View print-optimized version
Monday, July 28, 2014
Perverse and foolish oft I strayed,
but yet in love he sought me,
and on his shoulder gently laid,
and home, rejoicing, brought me.
In death’s dark vale I fear no ill
with thee, dear Lord, beside me;
thy rod and staff my comfort still,
thy cross before to guide me.
Henry Williams Baker’s “The King of Love My Shepherd Is”
from Glory to God: The Presbyterian Hymnal
This hymn had me at “Oft I strayed.” It rings true even when we want to believe we have it all together, all calculated with five-year plans and vision statements. We’re more confused than we even seem, and if we’re honest, often we have strayed. Even when we think we’re doing so much good and have the best of intentions, we can stray, betraying our hearts and our loved ones, forgetting our call, and selling out our dreams. We begin to believe the lies we’ve heard about ourselves, we settle for less, we choose the safe option over the right path, or we think, finally, that we are in fact abandoned.
But this hymn tenderly reminds us that like a missing sheep, we will stray, but we have not been left to our own devices or abandoned: God comes to us and brings us home. The gospel means that we are far more flawed than we thought and far more loved than we ever imagined.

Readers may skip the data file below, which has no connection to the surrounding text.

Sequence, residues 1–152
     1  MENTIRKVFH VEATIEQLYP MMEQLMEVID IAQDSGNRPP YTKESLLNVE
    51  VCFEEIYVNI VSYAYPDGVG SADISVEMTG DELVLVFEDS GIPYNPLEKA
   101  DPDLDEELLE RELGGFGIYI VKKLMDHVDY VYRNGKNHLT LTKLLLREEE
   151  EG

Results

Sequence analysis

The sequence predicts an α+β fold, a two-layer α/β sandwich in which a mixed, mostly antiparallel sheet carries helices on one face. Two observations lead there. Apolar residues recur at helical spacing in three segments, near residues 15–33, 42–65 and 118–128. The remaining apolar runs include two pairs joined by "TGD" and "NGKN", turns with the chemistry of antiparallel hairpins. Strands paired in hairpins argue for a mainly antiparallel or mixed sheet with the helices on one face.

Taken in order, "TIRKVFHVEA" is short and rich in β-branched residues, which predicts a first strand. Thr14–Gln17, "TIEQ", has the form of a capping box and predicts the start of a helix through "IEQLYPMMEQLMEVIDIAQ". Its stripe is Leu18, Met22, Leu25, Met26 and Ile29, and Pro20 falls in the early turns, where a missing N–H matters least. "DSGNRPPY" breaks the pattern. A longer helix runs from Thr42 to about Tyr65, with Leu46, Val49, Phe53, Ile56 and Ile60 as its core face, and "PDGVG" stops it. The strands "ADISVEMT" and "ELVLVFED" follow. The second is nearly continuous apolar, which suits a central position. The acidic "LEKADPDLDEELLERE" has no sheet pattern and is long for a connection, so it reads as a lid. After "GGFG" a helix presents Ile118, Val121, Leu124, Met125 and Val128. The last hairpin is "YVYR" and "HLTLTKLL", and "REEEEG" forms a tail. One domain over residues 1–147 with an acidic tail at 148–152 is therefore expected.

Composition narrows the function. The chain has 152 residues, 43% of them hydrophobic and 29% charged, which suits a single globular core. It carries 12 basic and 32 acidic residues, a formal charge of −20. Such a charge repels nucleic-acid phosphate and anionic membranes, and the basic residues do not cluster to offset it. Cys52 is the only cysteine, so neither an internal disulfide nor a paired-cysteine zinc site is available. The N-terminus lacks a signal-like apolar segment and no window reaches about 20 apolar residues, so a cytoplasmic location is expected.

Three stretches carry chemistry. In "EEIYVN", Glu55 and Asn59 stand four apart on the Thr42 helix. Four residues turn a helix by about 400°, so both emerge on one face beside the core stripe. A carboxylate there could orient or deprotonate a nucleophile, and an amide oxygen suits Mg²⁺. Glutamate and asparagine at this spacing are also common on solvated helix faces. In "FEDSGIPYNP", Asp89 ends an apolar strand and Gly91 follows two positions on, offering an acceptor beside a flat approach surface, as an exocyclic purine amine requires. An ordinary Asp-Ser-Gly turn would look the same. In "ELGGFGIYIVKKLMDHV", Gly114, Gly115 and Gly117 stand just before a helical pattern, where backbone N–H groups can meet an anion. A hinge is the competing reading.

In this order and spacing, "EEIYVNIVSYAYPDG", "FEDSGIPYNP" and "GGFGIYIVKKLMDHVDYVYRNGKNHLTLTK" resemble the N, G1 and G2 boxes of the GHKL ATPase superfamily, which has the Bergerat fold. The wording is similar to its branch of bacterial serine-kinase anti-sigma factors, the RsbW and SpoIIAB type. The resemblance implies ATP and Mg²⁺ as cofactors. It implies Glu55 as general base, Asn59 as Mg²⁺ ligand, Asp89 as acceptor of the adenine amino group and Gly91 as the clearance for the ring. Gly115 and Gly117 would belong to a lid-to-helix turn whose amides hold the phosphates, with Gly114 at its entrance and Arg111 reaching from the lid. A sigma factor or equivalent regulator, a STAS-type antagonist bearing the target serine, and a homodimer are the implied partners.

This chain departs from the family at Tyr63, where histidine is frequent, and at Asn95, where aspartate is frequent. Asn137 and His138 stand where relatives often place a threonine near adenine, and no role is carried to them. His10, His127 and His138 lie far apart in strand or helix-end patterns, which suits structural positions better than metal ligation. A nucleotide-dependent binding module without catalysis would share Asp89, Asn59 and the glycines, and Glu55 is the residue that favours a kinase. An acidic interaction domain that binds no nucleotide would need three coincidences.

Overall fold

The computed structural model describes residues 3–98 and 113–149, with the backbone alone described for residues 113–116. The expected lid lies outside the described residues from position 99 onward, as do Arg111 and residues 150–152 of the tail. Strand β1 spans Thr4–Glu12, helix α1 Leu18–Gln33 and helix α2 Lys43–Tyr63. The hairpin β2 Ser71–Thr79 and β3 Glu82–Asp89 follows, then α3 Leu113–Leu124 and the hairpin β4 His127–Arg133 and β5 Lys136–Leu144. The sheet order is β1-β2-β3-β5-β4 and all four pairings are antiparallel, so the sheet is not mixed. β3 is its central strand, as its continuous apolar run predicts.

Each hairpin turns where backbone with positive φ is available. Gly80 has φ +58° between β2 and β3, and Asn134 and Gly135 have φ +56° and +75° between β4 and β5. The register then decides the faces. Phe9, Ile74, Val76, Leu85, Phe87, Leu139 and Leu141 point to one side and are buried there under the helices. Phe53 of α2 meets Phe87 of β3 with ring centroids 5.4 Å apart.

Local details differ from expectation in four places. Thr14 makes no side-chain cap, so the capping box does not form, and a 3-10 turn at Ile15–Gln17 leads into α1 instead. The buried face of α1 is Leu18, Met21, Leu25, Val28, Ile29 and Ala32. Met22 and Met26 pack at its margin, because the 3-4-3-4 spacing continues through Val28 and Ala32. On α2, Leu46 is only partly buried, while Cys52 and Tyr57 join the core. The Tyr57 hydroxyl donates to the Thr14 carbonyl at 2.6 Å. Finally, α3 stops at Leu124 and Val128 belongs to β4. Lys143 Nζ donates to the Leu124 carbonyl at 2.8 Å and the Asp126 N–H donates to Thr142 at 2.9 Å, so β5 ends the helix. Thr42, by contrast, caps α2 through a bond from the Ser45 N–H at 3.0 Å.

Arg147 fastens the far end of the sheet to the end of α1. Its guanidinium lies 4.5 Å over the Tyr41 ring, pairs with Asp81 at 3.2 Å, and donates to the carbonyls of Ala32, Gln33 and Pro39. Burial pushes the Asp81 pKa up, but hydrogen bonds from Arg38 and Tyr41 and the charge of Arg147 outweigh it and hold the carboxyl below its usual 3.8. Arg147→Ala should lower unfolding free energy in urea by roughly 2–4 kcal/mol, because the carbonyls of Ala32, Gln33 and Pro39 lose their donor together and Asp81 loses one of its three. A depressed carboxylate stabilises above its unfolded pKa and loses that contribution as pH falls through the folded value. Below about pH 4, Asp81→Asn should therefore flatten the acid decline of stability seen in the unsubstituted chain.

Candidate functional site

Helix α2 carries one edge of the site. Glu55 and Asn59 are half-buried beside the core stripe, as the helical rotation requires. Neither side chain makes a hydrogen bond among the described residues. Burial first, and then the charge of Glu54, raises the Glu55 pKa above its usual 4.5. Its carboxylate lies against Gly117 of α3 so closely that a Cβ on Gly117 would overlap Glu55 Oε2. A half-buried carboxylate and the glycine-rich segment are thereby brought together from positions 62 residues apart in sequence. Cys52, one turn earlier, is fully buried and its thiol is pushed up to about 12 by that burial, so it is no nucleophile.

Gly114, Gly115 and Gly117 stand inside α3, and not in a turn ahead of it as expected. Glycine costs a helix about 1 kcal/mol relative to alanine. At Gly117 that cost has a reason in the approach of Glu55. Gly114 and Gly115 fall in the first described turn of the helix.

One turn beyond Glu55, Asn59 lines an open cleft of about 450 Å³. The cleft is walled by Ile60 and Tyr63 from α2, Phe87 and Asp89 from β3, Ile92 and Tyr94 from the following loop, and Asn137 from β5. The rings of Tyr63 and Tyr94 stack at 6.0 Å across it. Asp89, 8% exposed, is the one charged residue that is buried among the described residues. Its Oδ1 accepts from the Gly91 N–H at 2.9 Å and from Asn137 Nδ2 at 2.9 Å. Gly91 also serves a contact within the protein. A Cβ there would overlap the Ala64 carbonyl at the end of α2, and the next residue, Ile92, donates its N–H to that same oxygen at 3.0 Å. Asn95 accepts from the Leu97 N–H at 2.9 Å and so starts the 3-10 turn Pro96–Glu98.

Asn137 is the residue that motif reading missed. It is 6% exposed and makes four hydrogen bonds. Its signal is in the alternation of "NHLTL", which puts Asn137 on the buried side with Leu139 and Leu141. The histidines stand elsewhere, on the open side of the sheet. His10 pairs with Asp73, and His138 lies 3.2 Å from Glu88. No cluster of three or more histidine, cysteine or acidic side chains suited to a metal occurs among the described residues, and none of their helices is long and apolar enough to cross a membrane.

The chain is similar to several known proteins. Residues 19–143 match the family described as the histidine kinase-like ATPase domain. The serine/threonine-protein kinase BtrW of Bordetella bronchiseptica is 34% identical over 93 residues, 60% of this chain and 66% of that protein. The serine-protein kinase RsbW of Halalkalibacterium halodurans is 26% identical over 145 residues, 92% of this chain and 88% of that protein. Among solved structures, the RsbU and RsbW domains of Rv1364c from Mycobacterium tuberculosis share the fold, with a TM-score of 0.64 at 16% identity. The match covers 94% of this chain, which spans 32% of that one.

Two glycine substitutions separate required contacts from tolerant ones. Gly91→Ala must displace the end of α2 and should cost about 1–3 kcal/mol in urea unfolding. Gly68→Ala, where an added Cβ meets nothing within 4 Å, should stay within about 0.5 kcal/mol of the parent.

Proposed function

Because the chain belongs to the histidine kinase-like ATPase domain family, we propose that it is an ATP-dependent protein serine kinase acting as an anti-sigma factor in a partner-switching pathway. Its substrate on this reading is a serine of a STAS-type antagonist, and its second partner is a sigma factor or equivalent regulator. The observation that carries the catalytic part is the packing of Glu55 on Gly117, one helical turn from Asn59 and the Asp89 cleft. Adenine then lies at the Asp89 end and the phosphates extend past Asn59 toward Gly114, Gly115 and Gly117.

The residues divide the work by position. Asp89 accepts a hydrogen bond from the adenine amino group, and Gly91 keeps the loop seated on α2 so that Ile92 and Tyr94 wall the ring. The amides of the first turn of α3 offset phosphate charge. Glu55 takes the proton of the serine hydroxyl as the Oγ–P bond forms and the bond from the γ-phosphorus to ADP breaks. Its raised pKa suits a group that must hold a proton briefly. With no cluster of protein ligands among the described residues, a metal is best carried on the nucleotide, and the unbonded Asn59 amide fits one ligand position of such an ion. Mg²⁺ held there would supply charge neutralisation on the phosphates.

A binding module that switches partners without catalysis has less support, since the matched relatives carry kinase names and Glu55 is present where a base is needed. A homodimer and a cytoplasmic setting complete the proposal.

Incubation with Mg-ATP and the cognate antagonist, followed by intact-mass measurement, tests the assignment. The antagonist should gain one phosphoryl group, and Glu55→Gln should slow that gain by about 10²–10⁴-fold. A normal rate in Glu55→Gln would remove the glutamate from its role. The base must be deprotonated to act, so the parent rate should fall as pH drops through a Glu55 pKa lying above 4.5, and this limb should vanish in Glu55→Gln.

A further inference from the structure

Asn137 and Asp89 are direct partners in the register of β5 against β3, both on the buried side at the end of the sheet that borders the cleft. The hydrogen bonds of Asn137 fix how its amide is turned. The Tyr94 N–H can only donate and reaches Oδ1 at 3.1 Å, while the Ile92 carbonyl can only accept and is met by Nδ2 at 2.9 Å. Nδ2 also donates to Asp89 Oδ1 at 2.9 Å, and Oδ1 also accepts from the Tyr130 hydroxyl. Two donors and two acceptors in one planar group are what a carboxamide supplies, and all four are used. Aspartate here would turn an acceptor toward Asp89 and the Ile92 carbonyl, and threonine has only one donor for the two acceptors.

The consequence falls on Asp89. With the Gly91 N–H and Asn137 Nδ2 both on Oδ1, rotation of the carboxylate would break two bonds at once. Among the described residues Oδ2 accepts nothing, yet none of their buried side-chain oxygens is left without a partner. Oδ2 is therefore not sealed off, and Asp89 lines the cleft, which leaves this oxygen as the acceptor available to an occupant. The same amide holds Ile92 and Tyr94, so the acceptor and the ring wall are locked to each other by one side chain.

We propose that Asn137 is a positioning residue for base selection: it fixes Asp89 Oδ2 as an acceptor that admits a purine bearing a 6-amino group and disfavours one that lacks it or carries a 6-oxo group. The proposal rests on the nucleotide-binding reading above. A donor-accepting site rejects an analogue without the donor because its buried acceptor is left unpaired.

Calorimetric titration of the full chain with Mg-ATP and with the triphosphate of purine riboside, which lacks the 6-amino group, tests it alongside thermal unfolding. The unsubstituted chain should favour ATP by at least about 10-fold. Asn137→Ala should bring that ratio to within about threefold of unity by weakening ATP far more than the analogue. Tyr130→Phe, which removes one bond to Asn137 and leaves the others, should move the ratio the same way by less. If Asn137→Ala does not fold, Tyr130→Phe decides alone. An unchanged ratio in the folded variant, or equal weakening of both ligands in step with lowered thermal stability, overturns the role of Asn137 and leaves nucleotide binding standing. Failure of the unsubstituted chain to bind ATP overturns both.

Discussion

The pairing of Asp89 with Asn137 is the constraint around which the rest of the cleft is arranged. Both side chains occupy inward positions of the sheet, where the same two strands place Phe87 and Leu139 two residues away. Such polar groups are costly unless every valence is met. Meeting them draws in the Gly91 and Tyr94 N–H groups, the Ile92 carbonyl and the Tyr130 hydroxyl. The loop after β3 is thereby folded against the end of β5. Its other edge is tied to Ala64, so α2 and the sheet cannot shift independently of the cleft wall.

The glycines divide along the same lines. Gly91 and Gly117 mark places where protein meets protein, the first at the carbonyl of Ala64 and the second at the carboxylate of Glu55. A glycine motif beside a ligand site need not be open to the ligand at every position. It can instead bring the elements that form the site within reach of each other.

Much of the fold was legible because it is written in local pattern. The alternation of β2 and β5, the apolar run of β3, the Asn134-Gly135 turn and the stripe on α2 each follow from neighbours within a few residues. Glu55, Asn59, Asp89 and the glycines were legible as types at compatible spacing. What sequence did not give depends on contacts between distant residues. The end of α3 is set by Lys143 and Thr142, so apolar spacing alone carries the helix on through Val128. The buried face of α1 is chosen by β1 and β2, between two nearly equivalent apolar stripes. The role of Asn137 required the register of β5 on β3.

As I write my final devotion at Fourth Church, I want you to know that I prayed each time I wrote, for you and your faith walk, for God to show up in a meaningful way, in a mystical and other times ordinary way. I hope you pray for my faith walk, too.
For our shared walk in the way of Jesus, I want to remind you of what this hymn states so beautifully, hoping for it to become a song of your heart. God draws near, God pursues us. Even when we stray from the way, we are brought back home; even in death's dark vale, we just can’t seem to get rid of this God—shake, run, and hide as we do. No matter the idols we make of money, power, people, places, and even “God,” no matter the images we paint of a distant and uninterested or angry arbiter of justice God, and no matter how unforgivable we think our sin or how lost our way or how ugly our soul, this God is beside us. God is walking with us. Emmanuel, God with us. In the beginning and at the end.
Even when we lost our way or turned away, God of love, you did not abandon us. Remind us of your radical forgiveness and your steadfast love. Amen.
Written by Edwin Estevez, Pastoral Resident
Devotion index by date | I’d like to receive daily devotions by email